Google: this is why you see so many ‘certificate error’ warnings in Chrome

Google researchers have found that Chrome is issuing “hundreds of millions” of HTTPS certificate error warnings per month when there is no actual attack taking place. 

The search company is pushing the web towards 'HTTPS everywhere' by using icons and warnings in Chrome,  which is now used by more than 2 billion people. 

There are signs that more websites are enabling HTTPS by default, but false alarms could cause fatigue among Chrome users and undermine the push for more sites to enable HTTPS.

“Spurious warnings frustrate users, hinder the widespread adoption of HTTPS, and undermine trust in browser warnings,” the researchers note in a new paper

The study was limited to Chrome users who had opted-in to sharing HTTPS error reports with the Chrome team, which received about a million reports per day over a year long period.  

More than half of the 300 million certificate errors in the study are due to "non-attack network interception” or problems with software on the end-user device.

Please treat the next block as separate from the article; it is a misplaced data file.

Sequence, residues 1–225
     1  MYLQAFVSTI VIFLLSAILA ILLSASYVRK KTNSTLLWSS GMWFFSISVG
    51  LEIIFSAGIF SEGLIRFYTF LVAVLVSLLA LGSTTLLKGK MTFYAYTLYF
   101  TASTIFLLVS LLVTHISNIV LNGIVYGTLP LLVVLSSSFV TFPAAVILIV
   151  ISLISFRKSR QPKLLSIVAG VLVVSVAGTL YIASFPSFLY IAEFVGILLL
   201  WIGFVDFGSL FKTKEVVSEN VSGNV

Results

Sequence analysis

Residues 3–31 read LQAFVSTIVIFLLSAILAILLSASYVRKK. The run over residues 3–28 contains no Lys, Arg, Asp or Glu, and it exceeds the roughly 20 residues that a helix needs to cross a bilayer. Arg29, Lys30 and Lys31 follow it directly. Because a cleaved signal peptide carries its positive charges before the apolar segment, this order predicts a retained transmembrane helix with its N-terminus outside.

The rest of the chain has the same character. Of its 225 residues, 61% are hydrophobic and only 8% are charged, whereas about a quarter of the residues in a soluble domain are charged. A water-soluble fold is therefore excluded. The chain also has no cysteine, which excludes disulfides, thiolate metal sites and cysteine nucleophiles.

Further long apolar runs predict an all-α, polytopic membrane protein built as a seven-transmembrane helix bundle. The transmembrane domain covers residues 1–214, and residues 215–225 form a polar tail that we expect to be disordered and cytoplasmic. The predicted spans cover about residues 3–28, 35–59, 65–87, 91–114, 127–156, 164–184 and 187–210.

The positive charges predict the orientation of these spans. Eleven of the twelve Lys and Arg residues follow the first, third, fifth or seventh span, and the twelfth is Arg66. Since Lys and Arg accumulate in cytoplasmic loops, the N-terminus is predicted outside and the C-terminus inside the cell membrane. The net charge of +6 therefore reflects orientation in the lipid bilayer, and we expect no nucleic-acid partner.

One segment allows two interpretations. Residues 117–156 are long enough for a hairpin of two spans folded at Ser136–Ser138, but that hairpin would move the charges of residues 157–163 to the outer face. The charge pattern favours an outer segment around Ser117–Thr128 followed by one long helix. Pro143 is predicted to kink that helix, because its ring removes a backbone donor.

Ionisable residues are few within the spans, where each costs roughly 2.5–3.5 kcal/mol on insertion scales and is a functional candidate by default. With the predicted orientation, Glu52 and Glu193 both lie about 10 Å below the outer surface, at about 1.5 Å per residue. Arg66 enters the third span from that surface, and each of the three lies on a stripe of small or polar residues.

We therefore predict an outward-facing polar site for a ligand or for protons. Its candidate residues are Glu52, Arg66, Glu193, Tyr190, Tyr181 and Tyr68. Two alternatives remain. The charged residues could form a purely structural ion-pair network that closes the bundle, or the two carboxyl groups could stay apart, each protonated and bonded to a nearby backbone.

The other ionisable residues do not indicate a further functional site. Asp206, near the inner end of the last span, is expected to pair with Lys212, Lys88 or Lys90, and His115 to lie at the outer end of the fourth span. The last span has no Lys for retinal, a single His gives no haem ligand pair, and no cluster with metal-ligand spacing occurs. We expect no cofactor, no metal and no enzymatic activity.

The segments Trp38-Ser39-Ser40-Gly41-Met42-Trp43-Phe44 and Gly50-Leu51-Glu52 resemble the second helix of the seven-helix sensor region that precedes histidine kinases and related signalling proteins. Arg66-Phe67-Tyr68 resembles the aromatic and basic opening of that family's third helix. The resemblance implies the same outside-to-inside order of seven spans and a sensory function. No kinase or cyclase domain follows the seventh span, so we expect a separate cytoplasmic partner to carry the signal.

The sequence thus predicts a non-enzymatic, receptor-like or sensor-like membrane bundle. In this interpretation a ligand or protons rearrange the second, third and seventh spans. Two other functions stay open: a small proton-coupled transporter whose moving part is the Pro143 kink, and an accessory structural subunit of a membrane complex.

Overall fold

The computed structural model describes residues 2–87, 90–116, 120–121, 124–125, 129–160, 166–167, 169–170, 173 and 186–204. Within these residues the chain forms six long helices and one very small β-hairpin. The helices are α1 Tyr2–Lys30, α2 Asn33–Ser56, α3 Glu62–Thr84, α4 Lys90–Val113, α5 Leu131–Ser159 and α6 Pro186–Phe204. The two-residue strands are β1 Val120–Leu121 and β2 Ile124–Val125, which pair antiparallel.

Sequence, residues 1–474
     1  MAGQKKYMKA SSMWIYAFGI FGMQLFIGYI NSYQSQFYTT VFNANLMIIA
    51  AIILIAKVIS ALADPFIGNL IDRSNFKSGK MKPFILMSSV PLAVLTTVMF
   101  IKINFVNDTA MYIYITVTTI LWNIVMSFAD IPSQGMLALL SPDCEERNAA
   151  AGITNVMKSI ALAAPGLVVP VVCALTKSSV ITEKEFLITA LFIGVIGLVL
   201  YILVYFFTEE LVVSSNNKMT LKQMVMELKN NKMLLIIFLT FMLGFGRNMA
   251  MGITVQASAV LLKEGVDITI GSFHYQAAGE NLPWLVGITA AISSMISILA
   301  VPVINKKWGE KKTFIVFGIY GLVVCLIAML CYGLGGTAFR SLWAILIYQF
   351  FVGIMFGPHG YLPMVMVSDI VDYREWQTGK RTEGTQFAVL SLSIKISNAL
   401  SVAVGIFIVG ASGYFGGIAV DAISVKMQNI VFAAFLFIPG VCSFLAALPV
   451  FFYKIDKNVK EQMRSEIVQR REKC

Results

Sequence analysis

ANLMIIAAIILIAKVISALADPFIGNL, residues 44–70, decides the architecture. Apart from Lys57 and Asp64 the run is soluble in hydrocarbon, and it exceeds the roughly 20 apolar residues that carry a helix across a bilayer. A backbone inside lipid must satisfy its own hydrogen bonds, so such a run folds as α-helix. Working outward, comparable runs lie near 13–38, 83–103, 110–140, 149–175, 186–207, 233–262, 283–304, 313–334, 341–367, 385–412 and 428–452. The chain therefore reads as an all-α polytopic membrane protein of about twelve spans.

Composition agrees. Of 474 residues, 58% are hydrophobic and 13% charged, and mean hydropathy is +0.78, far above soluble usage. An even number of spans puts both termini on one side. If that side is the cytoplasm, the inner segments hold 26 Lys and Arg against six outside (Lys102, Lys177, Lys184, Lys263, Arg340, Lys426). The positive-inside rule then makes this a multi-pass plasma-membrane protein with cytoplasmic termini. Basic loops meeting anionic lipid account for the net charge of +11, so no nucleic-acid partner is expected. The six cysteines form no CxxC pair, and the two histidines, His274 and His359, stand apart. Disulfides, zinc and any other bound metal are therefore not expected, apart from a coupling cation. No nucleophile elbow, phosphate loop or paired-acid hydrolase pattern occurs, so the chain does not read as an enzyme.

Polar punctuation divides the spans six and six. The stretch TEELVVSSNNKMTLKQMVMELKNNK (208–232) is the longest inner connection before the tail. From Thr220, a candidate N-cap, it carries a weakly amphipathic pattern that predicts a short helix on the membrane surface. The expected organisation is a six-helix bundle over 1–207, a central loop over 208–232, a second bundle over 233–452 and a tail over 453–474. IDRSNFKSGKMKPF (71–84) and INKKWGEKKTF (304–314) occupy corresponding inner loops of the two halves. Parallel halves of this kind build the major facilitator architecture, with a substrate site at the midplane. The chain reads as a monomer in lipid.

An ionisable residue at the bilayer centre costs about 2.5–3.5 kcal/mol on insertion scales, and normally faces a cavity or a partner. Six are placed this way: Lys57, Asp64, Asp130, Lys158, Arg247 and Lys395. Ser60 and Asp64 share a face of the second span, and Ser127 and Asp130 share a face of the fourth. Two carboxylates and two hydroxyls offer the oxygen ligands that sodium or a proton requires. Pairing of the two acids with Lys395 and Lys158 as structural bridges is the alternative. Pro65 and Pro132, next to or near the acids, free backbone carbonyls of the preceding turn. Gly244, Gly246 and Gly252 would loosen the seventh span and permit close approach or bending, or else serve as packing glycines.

Microsoft faced similar communication challenges with security alerts; Windows Vista users felt bombarded by security alerts, causing many to chose to switch off warnings that were designed to protect them.  

Google has started testing a series of new Chrome alerts that point users to the specific problem categories. One of the new warnings is that “Your clock is ahead”. 

It started testing this several months ago, blocking sites in Chrome, which caused confusion among some Chrome users. The company now explains it found that incorrect system clock settings on end-user devices was a significant cause of HTTPS errors, which caused browser certificates to appear they were not valid. This was one of the biggest triggers for an error in Android and Windows devices. 

Read more: Microsoft takes on Gmail: pay for Office 365 and you and four Outlook users get more security, no ads, and a 50 GB inbox

The researchers aren’t sure why clocks are frequently misconfigured on devices but guessed that some users might be trying to get around software licensing restrictions or to cheat games. 

The report also singles out government websites as the dominant source of errors caused by server misconfigurations. This is potentially worrying as governments, along with ISPs, are known to attack HTTPS connections. 

Government-run websites account for 65 percent of the Google researchers’ list of “worst offenders” in terms of server errors, including revoked certificates.  

   

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